Also, I was a Special Forces Officer - I was also a Military Intelligence Officer, specifically a HUMINT officer (I was also a 97B when enlisted). I personally used most of these techniques on individuals at various locations in theater and at one location in the US. Prior to being authorized to use any technique you must first have been subjected to it so you know how to safely do it and what the effects feel like.

I was also a Russian speaker so when a post came up for a liaison officer to be on site in Uzbekistan for some intelligence collection I was selected. If you want to know what torture is - it’s there and in other places. I was not allowed to witness any real torture for plausible deniability reasons I suspect but I saw its effects. It doesn't work really IMO the information was unreliable.

So again - now we can't do our own "dirty" work we contract it out to people who can...and they frankly make a mess of it both in practice and result.

Some things should stay safely out of the venue of public opinion - interrogation and intelligence collection are some of those things. The general public hasn't the experiance, qualification or stomach to make decisions in this area. Leave it to the professionals please.


Let's see ...

The Tuskegee Airmen

Project MKULTRA

The USS Liberty

Operation Northwoods

The Gulf of Tonkin

The First Iraq War (remember Iraqi soldiers killing babies?)

Afghanistan

Iraq (again)

Libya

(take a breath)

The Patriot Act

NDAA

Presidental ordered assasinations

etc., etc., etc. I'd add more, but I have things to do tonight.

I'm not one to blindly trust the US Government, too often have they lied to the American people and acted against our interests. They have certainly not earned our trust.

All tyranny needs to gain a foothold is for people of good conscience to remain silent.
Thomas Jefferson

Every government degenerates when trusted to the rulers of the people alone. The people themselves are its only safe depositories.
Thomas Jefferson

If a nation expects to be ignorant and free, in a state of civilization, it expects what never was and never will be.
Thomas Jefferson



posted on Apr, 25 2012 @ 05:37 PM
link   
ive honestly thought about this long and hard, and Ive personally come to a conclusion.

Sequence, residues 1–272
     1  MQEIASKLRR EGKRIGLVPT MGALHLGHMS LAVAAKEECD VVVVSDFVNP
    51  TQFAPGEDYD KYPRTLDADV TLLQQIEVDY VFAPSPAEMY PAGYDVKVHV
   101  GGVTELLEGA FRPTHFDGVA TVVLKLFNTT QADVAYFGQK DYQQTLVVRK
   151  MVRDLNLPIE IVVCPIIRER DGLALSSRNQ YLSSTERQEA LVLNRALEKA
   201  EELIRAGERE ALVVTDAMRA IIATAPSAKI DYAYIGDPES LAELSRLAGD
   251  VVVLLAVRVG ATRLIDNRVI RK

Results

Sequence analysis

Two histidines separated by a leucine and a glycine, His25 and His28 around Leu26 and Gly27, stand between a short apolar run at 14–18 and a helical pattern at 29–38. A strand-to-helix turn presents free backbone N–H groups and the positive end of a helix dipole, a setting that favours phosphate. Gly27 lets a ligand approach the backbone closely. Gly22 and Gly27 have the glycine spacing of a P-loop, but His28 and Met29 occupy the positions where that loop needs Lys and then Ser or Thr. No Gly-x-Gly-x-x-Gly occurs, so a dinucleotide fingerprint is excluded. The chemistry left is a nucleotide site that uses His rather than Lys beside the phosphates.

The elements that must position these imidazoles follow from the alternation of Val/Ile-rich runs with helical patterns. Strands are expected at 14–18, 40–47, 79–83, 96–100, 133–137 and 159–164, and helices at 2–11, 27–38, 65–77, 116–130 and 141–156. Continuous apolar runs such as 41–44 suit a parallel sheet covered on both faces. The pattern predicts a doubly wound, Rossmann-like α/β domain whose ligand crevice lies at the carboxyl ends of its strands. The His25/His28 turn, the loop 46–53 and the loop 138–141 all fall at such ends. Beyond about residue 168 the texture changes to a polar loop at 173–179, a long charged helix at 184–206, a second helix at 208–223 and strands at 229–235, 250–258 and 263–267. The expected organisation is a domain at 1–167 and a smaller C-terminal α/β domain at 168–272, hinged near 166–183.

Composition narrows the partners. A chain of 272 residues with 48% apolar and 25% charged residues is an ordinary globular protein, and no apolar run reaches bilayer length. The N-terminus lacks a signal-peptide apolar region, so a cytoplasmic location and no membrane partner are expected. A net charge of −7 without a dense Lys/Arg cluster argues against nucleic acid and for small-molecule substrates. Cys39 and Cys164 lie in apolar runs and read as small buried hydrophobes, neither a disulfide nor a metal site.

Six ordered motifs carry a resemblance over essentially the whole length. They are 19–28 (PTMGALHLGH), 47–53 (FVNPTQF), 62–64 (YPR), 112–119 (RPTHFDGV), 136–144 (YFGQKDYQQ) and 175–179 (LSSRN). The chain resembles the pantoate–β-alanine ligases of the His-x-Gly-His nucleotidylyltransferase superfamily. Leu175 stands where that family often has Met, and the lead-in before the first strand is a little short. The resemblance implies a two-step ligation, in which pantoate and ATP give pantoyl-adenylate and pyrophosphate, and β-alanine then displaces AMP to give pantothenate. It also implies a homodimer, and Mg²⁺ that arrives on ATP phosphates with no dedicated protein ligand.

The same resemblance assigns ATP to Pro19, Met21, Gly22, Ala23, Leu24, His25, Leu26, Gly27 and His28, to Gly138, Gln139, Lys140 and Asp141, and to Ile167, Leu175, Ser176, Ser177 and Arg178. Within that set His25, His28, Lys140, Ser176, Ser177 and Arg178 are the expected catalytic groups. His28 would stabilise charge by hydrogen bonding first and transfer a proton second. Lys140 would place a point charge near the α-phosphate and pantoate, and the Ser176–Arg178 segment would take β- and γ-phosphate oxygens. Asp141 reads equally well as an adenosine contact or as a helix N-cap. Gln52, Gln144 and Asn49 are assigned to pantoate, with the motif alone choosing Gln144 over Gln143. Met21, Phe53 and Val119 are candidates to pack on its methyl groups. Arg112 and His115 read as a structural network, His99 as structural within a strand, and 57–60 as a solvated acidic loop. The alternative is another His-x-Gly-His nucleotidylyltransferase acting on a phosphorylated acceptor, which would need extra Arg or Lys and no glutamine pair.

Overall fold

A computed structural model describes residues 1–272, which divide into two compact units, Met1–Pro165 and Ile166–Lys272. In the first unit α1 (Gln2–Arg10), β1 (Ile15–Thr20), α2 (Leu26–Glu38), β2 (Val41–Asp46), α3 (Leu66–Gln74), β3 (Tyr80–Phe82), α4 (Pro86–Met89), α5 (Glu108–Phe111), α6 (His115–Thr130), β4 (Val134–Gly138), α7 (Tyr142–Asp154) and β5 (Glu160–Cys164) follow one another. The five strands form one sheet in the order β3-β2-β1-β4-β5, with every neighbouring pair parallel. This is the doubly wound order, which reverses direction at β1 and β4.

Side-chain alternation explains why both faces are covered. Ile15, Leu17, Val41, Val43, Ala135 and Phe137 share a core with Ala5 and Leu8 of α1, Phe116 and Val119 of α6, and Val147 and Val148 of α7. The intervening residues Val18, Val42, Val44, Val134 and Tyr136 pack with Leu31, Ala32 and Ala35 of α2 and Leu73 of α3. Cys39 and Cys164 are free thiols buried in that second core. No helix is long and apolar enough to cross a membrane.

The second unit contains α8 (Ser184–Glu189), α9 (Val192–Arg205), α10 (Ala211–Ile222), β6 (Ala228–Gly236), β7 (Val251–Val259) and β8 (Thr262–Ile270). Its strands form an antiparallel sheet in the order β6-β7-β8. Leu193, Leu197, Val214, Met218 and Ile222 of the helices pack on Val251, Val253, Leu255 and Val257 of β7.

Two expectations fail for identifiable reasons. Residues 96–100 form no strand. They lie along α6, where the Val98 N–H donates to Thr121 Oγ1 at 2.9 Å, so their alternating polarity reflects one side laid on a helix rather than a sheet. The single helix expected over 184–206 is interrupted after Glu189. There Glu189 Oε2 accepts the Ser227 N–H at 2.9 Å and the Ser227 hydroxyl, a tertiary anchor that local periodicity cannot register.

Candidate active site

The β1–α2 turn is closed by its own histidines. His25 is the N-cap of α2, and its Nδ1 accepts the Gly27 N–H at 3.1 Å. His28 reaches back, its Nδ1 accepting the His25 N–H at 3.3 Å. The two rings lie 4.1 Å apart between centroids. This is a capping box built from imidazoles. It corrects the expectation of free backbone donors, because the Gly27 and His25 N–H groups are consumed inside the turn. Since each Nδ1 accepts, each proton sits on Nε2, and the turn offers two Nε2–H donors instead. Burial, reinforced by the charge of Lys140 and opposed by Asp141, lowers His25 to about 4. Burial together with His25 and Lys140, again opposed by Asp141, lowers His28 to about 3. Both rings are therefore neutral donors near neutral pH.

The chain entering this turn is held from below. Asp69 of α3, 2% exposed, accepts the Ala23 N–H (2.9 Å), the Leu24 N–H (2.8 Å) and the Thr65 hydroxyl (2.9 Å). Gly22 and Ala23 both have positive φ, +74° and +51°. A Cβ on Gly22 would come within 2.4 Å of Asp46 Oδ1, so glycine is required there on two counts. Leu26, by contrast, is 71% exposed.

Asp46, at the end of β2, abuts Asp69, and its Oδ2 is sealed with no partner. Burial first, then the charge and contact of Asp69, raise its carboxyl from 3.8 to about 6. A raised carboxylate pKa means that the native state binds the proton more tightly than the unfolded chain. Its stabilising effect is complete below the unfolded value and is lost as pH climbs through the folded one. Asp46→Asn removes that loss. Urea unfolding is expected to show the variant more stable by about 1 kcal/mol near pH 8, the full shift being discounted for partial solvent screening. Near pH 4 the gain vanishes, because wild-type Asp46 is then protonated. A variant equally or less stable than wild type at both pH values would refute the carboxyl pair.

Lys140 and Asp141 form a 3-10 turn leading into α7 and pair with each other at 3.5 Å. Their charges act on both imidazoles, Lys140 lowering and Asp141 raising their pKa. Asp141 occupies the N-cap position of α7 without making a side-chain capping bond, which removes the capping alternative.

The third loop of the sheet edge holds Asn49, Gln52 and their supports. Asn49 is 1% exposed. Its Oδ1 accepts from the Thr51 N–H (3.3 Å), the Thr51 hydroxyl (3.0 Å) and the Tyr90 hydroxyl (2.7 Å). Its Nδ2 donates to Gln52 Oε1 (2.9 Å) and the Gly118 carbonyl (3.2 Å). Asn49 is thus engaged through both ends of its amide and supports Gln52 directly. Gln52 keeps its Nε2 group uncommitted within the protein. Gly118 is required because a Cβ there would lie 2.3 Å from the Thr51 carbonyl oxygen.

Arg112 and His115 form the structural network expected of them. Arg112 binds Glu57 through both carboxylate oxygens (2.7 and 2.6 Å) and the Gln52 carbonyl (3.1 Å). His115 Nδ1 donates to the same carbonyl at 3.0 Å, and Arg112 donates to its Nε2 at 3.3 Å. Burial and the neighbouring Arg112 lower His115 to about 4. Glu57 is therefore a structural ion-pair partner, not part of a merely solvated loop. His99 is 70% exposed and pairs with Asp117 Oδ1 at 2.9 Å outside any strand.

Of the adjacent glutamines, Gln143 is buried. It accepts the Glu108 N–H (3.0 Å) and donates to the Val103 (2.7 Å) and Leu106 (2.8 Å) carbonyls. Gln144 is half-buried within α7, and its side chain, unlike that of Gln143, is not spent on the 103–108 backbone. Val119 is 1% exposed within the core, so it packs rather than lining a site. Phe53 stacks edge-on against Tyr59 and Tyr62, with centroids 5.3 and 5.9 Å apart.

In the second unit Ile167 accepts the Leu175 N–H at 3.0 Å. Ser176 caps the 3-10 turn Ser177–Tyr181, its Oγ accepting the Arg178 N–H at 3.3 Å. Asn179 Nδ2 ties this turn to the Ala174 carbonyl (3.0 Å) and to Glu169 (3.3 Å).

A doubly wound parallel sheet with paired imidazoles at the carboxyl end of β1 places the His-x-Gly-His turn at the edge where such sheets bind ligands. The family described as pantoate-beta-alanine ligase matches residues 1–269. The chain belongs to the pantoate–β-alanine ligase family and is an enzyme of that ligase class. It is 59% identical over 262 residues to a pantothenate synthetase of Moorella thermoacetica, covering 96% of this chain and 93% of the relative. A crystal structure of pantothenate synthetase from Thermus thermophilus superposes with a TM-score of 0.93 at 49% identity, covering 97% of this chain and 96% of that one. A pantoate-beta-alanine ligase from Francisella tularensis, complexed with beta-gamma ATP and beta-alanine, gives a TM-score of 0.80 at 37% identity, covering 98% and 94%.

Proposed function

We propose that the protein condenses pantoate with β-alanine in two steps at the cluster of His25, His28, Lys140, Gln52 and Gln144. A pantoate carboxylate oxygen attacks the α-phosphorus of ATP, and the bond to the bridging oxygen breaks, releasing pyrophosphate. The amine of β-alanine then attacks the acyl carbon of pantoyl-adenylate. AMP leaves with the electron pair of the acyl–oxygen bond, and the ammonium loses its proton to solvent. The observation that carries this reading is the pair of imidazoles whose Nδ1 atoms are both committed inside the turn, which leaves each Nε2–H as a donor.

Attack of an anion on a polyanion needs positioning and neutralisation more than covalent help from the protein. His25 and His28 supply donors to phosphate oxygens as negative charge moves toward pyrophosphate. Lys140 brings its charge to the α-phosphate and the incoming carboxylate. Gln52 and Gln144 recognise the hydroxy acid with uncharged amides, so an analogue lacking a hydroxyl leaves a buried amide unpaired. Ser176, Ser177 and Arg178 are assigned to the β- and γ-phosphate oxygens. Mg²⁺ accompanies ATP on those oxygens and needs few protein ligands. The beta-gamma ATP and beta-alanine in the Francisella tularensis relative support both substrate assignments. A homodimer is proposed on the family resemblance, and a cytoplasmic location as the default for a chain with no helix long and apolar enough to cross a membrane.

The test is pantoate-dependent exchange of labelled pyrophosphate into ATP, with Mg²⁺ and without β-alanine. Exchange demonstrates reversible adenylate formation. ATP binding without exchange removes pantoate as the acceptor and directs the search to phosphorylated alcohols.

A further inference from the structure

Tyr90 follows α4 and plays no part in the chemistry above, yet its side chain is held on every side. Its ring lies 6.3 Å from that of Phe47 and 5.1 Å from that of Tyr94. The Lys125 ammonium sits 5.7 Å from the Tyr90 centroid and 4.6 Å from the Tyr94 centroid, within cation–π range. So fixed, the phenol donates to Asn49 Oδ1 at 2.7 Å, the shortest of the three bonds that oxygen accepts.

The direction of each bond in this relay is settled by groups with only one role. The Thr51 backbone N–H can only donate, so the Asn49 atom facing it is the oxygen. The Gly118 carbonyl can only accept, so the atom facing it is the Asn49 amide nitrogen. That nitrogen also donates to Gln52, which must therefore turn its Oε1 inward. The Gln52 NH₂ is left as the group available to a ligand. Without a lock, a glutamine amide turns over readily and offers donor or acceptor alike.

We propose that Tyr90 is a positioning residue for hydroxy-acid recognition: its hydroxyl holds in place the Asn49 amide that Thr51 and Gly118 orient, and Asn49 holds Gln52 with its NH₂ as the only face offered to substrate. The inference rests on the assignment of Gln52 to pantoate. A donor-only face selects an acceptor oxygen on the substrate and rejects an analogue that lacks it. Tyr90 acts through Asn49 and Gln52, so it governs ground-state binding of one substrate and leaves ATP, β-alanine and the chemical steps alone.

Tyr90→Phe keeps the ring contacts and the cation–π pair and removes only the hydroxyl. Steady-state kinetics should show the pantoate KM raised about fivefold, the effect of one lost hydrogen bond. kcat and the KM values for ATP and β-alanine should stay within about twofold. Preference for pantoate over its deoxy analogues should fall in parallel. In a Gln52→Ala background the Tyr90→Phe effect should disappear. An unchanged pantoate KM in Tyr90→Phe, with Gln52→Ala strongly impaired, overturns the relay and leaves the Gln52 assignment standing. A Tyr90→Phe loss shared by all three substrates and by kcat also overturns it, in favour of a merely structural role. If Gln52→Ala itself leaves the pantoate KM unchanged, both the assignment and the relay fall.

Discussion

What gets better results, torture, or the fear of torture? Anyone knowledgeable of the subject will tell you that it is the fear that does it. Someone will tell you whatever they think you want to hear when they are being tortured. Theyll tell the TRUTH to avoid being tortured.

That said, I believe ALL of this waterboarding stuff is about putting the idea out there that america tortures. Its about putting that fear into our 'enemies'.



posted on Apr, 25 2012 @ 05:49 PM
link   

Originally posted by captaintyinknots
ive honestly thought about this long and hard, and Ive personally come to a conclusion.

What gets better results, torture, or the fear of torture? Anyone knowledgeable of the subject will tell you that it is the fear that does it. Someone will tell you whatever they think you want to hear when they are being tortured. Theyll tell the TRUTH to avoid being tortured.

That said, I believe ALL of this waterboarding stuff is about putting the idea out there that america tortures. Its about putting that fear into our 'enemies'.


We have and probably do waterboard. A technique that pre-dates WW1.

I can attest first hand that torturing works, it gets information. The problem is deciphering which information is truthful and which is cowchips.

Torture is used to get information when information is not forthcoming or is known to be untruthful. I have never seen torture used by intelligence officers with half a grain of duty that used it when it was not deemed necessary.





top topics
 
26
<< 1    3  4  5 >>

log in

join